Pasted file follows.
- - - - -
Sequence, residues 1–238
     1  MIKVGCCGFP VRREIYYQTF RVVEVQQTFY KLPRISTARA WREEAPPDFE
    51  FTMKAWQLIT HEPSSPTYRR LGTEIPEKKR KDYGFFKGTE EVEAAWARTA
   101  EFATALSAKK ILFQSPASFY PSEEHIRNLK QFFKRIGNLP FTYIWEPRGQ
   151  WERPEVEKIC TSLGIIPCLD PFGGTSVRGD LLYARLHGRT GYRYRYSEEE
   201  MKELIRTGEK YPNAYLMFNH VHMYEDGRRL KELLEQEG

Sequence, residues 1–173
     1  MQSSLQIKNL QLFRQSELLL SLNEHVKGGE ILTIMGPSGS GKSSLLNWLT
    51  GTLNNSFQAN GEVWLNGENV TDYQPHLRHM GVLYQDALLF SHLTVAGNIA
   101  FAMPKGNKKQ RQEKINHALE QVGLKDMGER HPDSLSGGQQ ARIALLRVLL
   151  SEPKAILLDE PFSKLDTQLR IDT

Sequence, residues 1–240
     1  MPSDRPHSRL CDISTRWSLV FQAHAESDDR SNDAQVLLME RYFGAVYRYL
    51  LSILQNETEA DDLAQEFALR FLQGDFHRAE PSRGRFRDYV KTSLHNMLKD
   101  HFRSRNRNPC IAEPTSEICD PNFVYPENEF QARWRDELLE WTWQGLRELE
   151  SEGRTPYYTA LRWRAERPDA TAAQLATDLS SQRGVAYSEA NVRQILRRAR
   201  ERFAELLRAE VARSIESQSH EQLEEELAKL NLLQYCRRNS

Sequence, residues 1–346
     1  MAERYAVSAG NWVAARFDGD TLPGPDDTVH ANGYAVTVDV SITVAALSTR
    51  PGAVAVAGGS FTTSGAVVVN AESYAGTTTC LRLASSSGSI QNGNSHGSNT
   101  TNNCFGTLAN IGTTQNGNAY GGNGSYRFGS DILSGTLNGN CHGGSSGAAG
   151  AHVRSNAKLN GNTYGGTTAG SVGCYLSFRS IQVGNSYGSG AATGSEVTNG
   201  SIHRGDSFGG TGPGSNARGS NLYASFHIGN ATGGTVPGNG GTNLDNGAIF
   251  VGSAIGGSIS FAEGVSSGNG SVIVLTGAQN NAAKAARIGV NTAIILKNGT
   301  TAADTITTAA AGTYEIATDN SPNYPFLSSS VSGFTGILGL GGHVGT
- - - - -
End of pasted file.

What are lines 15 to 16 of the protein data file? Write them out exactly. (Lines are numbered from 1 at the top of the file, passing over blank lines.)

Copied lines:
   101  HFRSRNRNPC IAEPTSEICD PNFVYPENEF QARWRDELLE WTWQGLRELE
   151  SEGRTPYYTA LRWRAERPDA TAAQLATDLS SQRGVAYSEA NVRQILRRAR